CBO lowers PPACA enrollment projectionsNews added by Benefits Pro on March 5, 2014
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By Allison Bell

The troubled start of the public exchange program will likely mean 6 million people will enroll in commercial plans -- 1 million fewer than originally projected -- and that it may save the federal government a bit of money over the next 10 years, Congressional Budget Office analysts say.

The analysts now estimate that the net cost of the Patient Protection and Affordable Care Act coverage provisions to the federal government will be $1.335 trillion from 2014 through 2023.

That figure is 0.7 percent lower than the estimate CBO analysts published in May 2013, the analysts wrote in a new commentary on CBO PPACA budget impact projections.

The CBO analysts also cut projected 2014 public exchange "qualified health plan" enrollment to 6 million, from 7 million, and projected Medicaid and Children's Health Insurance Program plan enrollment growth, to 8 million, from 9 million.

The analysts also are assuming that the number of uninsured people will fall just 13 million, rather than 14 million.

But, because exchange enrollment will be lower than expected in 2014 and QHP premiums seem to be cheaper than originally anticipated, the government could end up spending just $1.058 trillion on QHP subsidies from 2014 through 2023, the analysts say.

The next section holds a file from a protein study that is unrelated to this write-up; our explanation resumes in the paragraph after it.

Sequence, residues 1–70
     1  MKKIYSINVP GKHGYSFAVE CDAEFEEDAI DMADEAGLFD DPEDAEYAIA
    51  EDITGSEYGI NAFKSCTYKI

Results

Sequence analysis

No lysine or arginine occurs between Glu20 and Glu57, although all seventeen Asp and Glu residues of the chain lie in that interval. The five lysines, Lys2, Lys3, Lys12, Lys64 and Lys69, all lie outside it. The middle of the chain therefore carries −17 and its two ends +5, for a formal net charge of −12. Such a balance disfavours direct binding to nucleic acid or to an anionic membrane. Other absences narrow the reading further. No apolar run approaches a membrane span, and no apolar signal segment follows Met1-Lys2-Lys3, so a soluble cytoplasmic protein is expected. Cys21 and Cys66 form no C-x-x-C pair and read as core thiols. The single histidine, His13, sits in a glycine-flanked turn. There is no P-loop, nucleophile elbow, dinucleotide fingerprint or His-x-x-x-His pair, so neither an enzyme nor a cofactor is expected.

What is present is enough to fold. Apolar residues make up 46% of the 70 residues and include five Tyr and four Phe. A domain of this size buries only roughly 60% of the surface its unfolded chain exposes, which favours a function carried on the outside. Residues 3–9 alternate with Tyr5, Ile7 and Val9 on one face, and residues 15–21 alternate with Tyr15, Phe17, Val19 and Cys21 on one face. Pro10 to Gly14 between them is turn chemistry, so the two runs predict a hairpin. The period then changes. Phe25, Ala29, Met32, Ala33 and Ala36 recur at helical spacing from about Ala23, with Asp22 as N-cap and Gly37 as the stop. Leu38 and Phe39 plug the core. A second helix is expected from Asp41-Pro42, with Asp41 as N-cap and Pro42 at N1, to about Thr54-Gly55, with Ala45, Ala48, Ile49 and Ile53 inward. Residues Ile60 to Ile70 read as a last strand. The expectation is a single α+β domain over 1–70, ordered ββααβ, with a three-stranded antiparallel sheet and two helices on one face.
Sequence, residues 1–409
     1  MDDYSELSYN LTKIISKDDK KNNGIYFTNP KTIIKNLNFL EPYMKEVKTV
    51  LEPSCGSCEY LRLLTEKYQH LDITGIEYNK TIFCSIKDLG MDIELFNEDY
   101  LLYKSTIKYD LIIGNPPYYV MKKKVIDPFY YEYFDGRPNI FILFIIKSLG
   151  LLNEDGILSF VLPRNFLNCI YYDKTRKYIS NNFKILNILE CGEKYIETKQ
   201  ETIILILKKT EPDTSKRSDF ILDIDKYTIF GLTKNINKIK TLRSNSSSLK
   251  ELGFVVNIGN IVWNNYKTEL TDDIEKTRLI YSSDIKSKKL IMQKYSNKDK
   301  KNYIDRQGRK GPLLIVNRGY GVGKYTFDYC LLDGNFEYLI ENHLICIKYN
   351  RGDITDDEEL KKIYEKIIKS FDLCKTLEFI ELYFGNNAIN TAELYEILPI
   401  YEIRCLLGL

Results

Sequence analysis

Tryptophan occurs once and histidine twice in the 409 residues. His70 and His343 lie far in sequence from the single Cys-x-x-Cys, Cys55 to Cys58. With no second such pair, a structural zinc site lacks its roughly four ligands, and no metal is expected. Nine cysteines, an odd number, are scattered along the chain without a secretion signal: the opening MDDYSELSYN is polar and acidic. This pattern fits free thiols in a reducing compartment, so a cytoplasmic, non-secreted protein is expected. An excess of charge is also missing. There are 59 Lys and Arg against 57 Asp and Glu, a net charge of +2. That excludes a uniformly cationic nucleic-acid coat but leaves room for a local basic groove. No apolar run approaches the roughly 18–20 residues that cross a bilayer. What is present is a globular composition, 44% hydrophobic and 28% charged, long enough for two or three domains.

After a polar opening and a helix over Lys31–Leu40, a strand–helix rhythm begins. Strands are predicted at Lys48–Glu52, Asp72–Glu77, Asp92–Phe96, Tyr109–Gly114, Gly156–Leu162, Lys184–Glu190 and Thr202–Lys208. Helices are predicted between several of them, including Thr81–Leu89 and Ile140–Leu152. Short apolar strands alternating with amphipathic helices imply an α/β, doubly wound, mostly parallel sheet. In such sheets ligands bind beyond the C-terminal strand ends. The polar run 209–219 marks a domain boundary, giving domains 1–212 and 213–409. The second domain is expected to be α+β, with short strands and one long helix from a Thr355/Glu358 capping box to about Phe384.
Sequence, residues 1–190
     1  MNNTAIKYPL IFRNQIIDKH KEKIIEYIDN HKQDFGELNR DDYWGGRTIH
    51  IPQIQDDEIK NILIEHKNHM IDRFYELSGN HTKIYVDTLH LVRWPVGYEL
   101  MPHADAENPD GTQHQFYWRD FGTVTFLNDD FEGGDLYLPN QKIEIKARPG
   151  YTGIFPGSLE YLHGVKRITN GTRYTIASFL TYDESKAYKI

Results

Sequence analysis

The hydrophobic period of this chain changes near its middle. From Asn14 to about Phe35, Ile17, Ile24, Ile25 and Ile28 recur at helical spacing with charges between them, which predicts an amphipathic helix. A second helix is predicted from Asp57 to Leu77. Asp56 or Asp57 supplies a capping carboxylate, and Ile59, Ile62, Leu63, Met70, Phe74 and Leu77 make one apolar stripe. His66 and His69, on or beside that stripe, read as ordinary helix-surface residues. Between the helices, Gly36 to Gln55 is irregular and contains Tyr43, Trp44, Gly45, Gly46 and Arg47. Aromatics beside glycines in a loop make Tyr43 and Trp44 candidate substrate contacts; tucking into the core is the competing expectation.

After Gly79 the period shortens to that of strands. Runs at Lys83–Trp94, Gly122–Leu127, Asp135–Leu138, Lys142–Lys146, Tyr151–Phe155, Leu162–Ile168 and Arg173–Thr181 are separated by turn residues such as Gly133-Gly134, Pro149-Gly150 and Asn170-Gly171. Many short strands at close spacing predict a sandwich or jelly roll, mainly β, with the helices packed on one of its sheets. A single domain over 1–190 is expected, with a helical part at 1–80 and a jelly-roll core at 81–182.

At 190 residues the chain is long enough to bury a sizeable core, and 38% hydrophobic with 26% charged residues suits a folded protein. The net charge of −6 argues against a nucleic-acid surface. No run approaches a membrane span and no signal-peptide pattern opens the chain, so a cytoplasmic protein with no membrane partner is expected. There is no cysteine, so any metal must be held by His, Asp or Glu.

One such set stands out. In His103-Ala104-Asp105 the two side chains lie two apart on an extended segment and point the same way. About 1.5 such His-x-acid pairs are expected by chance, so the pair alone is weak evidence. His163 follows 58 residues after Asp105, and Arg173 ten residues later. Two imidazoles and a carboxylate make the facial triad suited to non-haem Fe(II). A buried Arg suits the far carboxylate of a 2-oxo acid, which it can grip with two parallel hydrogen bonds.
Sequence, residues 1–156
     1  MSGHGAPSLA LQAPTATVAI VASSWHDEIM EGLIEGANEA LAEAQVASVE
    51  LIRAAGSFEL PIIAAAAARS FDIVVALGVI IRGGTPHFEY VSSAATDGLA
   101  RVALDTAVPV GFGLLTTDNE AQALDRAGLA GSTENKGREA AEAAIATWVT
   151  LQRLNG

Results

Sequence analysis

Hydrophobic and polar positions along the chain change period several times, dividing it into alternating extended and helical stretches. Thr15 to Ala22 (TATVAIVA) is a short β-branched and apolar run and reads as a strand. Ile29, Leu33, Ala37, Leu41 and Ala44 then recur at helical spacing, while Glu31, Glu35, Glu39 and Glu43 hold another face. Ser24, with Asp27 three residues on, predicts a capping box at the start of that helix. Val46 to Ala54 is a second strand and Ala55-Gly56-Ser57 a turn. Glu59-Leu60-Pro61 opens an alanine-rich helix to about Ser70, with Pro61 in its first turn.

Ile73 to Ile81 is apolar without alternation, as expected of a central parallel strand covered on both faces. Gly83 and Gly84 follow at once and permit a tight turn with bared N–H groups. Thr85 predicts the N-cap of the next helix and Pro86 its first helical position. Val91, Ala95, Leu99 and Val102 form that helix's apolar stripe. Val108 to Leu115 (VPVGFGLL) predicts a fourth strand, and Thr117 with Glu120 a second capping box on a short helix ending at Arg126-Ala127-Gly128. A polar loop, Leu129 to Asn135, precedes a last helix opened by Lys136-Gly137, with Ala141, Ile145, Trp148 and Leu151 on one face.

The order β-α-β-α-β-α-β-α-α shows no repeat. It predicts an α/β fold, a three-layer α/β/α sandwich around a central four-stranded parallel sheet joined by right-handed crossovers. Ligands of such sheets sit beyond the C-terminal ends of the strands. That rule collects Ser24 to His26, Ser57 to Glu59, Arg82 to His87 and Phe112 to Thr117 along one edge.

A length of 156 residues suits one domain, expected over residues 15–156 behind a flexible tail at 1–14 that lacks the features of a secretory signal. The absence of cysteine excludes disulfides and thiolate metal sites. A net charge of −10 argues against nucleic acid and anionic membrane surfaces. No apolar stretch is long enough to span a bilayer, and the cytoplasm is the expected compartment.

That's 1.5 percent less than the QHP subsidy spending figure in the May 2013 report.

But the analysts warn that making predictions about the effects of PPACA is difficult because they are not sure what health insurance premiums and enrollment will look like after 2014.

The analysts also are assuming that insurers in the commercial individual and small-group health insurance markets will spend $8 billion more on PPACA "risk corridor" program assessments than QHP issuers get out of the program.

The risk corridors program is supposed to use cash from individual and small-group health insurers with good underwriting results to help exchange plan issuers with poor underwriting results from 2014 through 2016.

Originally published on BenefitsPro.com
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